The Minnesota Department of Human Services is probing the Mayo Clinic for possible violations of civil- and human-rights laws by putting a higher priority on patients with commercial insurance.
The review, confirmed Thursday by DHS Commissioner Emily Piper, follows reports that Mayo will give preference to privately insured patients.
Piper’s department is also evaluating its various contracts with the Mayo Clinic system, which reaches far beyond its Rochester home base. Those contracts served over 150,000 public program enrollees last year, including lab work and pharmacy services.
What the fuck is wrong with this state? Hell, what the fuck is wrong with this country? Anybody expressing an interest in wanting to get paid for services rendered shouldn’t even merit an acknowledgement in the back page of the local section of a newspaper. It should be assumed that everybody wants to get paid for providing goods or services.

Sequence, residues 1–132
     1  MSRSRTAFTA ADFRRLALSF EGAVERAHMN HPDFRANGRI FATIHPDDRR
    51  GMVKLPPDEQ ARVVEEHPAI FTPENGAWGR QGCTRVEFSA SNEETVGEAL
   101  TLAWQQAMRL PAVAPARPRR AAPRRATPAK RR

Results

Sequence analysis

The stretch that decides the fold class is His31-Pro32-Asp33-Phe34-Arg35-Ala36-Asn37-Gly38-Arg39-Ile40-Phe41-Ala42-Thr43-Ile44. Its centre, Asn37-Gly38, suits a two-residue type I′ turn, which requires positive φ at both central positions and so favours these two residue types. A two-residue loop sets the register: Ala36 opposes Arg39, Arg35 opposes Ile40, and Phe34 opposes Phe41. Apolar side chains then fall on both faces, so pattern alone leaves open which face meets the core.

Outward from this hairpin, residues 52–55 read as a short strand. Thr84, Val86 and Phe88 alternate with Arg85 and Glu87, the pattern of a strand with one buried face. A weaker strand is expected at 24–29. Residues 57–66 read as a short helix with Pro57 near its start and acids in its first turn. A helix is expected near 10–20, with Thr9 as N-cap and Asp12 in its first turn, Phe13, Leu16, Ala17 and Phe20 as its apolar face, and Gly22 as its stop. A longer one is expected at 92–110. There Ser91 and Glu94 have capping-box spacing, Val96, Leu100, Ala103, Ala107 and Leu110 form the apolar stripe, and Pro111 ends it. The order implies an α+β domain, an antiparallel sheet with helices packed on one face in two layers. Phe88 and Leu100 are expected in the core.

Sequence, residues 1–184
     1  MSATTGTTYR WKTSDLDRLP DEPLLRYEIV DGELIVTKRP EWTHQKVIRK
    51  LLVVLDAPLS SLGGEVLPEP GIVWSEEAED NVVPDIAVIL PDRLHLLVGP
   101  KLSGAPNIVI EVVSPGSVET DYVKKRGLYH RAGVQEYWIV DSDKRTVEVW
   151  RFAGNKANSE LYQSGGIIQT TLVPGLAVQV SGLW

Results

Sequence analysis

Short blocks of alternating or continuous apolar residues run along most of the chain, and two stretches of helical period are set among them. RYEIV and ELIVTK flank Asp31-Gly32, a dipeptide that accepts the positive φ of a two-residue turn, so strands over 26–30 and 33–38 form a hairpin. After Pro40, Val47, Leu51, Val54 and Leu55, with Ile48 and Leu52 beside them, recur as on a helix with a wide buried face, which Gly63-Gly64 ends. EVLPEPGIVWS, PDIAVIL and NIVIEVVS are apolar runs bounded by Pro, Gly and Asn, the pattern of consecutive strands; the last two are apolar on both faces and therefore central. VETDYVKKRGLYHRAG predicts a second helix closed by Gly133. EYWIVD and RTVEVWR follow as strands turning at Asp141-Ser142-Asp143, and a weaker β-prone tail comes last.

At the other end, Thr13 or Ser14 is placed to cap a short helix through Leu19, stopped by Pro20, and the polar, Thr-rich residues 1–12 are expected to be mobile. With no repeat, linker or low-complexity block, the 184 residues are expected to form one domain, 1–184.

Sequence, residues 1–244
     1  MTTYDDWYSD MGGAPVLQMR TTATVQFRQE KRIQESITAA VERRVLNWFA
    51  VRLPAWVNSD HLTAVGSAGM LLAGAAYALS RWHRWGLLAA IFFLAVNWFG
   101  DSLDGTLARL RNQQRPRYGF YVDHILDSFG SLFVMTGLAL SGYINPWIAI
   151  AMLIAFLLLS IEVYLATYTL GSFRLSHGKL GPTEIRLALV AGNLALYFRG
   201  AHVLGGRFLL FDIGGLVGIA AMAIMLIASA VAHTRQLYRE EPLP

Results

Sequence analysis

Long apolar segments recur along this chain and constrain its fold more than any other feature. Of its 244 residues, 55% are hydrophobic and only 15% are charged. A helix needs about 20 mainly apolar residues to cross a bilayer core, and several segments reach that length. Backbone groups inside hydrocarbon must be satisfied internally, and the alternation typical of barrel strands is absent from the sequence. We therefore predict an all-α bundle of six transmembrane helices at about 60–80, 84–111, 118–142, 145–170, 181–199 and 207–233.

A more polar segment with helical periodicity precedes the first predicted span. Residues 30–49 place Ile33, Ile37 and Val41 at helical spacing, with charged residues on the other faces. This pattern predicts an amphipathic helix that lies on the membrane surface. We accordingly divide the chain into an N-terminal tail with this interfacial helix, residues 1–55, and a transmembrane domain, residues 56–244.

Critics have been pointing out that the Mayo Clinic made a good amount of revenue last year. It’s as if they believe there is some amount of revenue that when exceeded is too much and therefore bad. Whether the Mayo Clinic made $100 million or $100 billion is irrelevant. Okay, I lied. Revenue is relevant because the more revenue a provider makes the more it can invest in provided better services in the future. This is especially true when you look at the costs the Mayo Clinic faces. Being involved in the medical industry in the United States is damn expensive. Upgrading wings to the latest and greatest doesn’t come cheap. The more revenue Mayo makes the better equipment and services it can provide. The less revenue Mayo makes the more dilapidated its facilities become and by extension the worse its services become.